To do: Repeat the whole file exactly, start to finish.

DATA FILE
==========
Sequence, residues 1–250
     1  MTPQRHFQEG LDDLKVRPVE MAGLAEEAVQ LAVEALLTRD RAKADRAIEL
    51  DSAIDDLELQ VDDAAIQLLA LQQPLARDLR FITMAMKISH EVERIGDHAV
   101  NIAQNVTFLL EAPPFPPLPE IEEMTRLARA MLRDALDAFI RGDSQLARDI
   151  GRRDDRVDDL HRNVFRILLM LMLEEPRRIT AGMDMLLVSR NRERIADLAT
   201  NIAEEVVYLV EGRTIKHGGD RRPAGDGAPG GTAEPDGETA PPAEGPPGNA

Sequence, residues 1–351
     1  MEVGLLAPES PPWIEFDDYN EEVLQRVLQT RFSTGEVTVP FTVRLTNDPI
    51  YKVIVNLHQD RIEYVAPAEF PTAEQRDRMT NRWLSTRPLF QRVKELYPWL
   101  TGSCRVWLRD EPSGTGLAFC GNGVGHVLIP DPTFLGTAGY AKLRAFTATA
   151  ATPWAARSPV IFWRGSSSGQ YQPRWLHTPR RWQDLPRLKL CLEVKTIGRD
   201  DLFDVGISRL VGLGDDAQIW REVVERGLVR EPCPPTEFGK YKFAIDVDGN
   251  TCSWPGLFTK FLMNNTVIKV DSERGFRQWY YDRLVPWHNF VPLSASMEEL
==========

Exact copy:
Sequence, residues 1–250
     1  MTPQRHFQEG LDDLKVRPVE MAGLAEEAVQ LAVEALLTRD RAKADRAIEL
    51  DSAIDDLELQ VDDAAIQLLA LQQPLARDLR FITMAMKISH EVERIGDHAV
   101  NIAQNVTFLL EAPPFPPLPE IEEMTRLARA MLRDALDAFI RGDSQLARDI
   151  GRRDDRVDDL HRNVFRILLM LMLEEPRRIT AGMDMLLVSR NRERIADLAT
   201  NIAEEVVYLV EGRTIKHGGD RRPAGDGAPG GTAEPDGETA PPAEGPPGNA

Sequence, residues 1–351
     1  MEVGLLAPES PPWIEFDDYN EEVLQRVLQT RFSTGEVTVP FTVRLTNDPI
    51  YKVIVNLHQD RIEYVAPAEF PTAEQRDRMT NRWLSTRPLF QRVKELYPWL
   101  TGSCRVWLRD EPSGTGLAFC GNGVGHVLIP DPTFLGTAGY AKLRAFTATA
   151  ATPWAARSPV IFWRGSSSGQ YQPRWLHTPR RWQDLPRLKL CLEVKTIGRD
   201  DLFDVGISRL VGLGDDAQIW REVVERGLVR EPCPPTEFGK YKFAIDVDGN
   251  TCSWPGLFTK FLMNNTVIKV DSERGFRQWY YDRLVPWHNF VPLSASMEEL